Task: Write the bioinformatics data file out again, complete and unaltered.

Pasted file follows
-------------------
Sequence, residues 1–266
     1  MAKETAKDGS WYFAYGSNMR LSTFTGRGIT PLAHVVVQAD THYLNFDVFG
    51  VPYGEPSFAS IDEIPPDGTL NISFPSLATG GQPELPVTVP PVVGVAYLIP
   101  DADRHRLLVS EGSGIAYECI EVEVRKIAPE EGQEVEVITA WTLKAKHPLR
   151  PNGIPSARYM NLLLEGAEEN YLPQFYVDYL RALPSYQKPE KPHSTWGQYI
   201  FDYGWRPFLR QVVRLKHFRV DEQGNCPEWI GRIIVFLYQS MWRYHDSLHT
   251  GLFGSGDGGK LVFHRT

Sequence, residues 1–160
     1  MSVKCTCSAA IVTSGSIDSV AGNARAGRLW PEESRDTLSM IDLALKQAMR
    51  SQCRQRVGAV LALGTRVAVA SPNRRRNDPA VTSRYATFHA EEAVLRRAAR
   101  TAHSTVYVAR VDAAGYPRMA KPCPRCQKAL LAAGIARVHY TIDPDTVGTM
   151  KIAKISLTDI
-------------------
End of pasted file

Sequence, residues 1–266
     1  MAKETAKDGS WYFAYGSNMR LSTFTGRGIT PLAHVVVQAD THYLNFDVFG
    51  VPYGEPSFAS IDEIPPDGTL NISFPSLATG GQPELPVTVP PVVGVAYLIP
   101  DADRHRLLVS EGSGIAYECI EVEVRKIAPE EGQEVEVITA WTLKAKHPLR
   151  PNGIPSARYM NLLLEGAEEN YLPQFYVDYL RALPSYQKPE KPHSTWGQYI
   201  FDYGWRPFLR QVVRLKHFRV DEQGNCPEWI GRIIVFLYQS MWRYHDSLHT
   251  GLFGSGDGGK LVFHRT

Sequence, residues 1–160
     1  MSVKCTCSAA IVTSGSIDSV AGNARAGRLW PEESRDTLSM IDLALKQAMR
    51  SQCRQRVGAV LALGTRVAVA SPNRRRNDPA VTSRYATFHA EEAVLRRAAR
   101  TAHSTVYVAR VDAAGYPRMA KPCPRCQKAL LAAGIARVHY TIDPDTVGTM
   151  KIAKISLTDI